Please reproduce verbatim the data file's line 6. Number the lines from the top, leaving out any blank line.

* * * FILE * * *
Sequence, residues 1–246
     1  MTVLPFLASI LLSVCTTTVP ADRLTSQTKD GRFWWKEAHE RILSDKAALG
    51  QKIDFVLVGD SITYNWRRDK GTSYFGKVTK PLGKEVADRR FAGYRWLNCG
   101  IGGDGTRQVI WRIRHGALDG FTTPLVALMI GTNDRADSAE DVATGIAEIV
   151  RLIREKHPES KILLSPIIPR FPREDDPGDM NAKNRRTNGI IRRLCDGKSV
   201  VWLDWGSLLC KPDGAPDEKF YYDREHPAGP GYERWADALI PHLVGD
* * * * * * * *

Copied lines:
   201  VWLDWGSLLC KPDGAPDEKF YYDREHPAGP GYERWADALI PHLVGD